Fwd: Headlines: Voluntary Standards of Conduct

Gary Handman (ghandman@library.berkeley.edu)
Tue, 5 Jan 1999 10:43:40 -0800 (PST)

>
>In PIAC's transmittal letter to Vice President Gore on December 18, the
>Benton Foundation was named as the home of the Committee's legacy. In that
>role we have been posting the recommendations to this list as well as the
>hub for the legacy project <www.benton.org>. We welcome your comments.
>-----------------------------------------
>
>Recommendation 2: Voluntary Standards of Conduct
>
>
>Recommendation:
>The National Association of Broadcasters, acting as the representative of
>the broadcasting industry, should draft an updated voluntary Code of Conduct
>to highlight and reinforce the public interest commitments of broadcasters.
>
>The Advisory Committee believes that most broadcasters feel a strong
>commitment to the public interest and their responsibilities as public
>trustees, and behave accordingly. To reinforce public service interests and
>standards, the National Association of Broadcasters adopted a "Code of
>Conduct" that set out appropriate principles and standards, and recognized
>those stations that adhered to the Code. The Code was abandoned in 1982
>after the Department of Justice objected to certain aspects of the Code's
>advertising provisions. (See Section II and Appendix B for more on this
>history.)
>
>A new industry statement of principles updating the 1952 Code would have
>many virtues. The most significant one is that it would enable the
>broadcasting industry to identify the high standards of public service that
>most stations follow and that represent the ideals and historic traditions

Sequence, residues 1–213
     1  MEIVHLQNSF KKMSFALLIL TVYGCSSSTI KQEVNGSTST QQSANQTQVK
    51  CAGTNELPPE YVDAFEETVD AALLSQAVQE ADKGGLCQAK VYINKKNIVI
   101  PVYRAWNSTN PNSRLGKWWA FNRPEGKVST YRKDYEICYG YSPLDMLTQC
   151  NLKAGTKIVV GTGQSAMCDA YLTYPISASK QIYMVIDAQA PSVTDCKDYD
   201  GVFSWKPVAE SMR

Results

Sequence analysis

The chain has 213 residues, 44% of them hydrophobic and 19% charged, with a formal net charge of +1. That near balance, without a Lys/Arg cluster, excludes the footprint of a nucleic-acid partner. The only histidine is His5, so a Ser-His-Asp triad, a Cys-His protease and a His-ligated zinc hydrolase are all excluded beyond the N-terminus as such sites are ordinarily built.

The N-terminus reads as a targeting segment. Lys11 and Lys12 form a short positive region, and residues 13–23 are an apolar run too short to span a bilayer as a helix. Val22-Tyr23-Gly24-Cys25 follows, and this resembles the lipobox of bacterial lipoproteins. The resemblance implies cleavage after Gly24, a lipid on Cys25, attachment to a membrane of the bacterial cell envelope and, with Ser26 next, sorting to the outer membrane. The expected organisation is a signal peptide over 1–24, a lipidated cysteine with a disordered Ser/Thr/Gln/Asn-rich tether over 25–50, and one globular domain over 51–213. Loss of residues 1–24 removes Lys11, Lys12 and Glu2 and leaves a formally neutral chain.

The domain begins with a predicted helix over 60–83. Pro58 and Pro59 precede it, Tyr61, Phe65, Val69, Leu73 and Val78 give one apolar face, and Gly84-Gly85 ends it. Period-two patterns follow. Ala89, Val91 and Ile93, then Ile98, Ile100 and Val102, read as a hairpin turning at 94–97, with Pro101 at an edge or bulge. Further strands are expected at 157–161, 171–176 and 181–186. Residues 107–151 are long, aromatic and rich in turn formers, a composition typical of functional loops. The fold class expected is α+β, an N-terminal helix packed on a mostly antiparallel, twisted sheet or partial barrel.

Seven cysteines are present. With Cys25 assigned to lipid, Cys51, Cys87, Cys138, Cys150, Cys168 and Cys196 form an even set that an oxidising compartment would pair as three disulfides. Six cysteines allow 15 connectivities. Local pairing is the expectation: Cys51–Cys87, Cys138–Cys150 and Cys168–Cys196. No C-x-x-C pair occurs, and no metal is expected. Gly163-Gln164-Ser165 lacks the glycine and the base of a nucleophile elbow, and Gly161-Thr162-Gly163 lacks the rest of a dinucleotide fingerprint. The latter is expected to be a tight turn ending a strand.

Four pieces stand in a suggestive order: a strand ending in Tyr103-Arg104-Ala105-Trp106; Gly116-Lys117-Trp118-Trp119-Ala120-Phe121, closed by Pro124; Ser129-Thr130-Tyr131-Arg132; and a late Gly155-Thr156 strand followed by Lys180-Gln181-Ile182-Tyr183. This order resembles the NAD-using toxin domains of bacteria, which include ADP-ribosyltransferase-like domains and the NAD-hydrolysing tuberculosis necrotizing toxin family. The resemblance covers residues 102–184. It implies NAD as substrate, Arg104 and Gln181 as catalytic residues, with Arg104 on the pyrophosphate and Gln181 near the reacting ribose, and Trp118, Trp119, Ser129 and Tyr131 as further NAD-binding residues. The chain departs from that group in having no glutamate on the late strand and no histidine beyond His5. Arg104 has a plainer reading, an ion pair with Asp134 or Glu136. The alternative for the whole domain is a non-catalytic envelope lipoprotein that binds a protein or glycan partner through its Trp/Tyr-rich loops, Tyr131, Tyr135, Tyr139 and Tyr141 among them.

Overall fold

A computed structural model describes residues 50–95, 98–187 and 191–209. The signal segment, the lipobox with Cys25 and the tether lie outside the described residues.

>of the industry. A new set of standards can help counteract short-term
>pressures that have been exacerbated by the incredibly competitive landscape
>broadcasters now face, particularly when compared to the first 30-some years
>of the television era. Those competitive pressures can lead to less
>attention to public issues and community concerns. A renewed statement of
>principles can make salient and keep fresh general aspirations that can
>easily be lost in the hectic atmosphere and pressures of day-to-day
>operations.
>
>To ensure that broadcasters fulfill their obligations as public trustees, we
>endorse self-regulation by knowledgeable industry people. This could serve
>as an effective tool to minimize government regulation. To that end, we
>recommend that the National Association of Broadcasters, acting as the
>representative of the broadcasting industry, draft a new set of principles
>or statement of standards. The Advisory Committee hopes that the NAB will
>develop and recommend self-regulatory standards to and for the industry. The
>standards should be drafted and implemented by the NAB and the industry,
>preferably with input from community and public interest leaders, without
>pressure, interference, or direct or indirect enforcement by the government.
>The public, the marketplace, and the court of public opinion can then judge
>their efficacy.
>
>What might a set of Standards of Conduct look like in the digital age? We
>include in Appendix B a model draft, done by an Advisory Committee working
>group under the leadership of Professor Cass Sunstein of the University of
>Chicago Law School. Another model we have included is the Statement of
>Principles adopted by the NAB Board of Directors to replace the old Code,
>which can be found in Appendix C.
>
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Gary Handman
Director
Media Resources Center
Moffitt Library
UC Berkeley, CA 94720-6000
510-643-8566
ghandman@library.berkeley.edu
http://www.lib.berkeley.edu/MRC

"You are looking into the mind of home video. It is innocent, it is aimless,
it is determined, it is real" --Don DeLillo, Underworld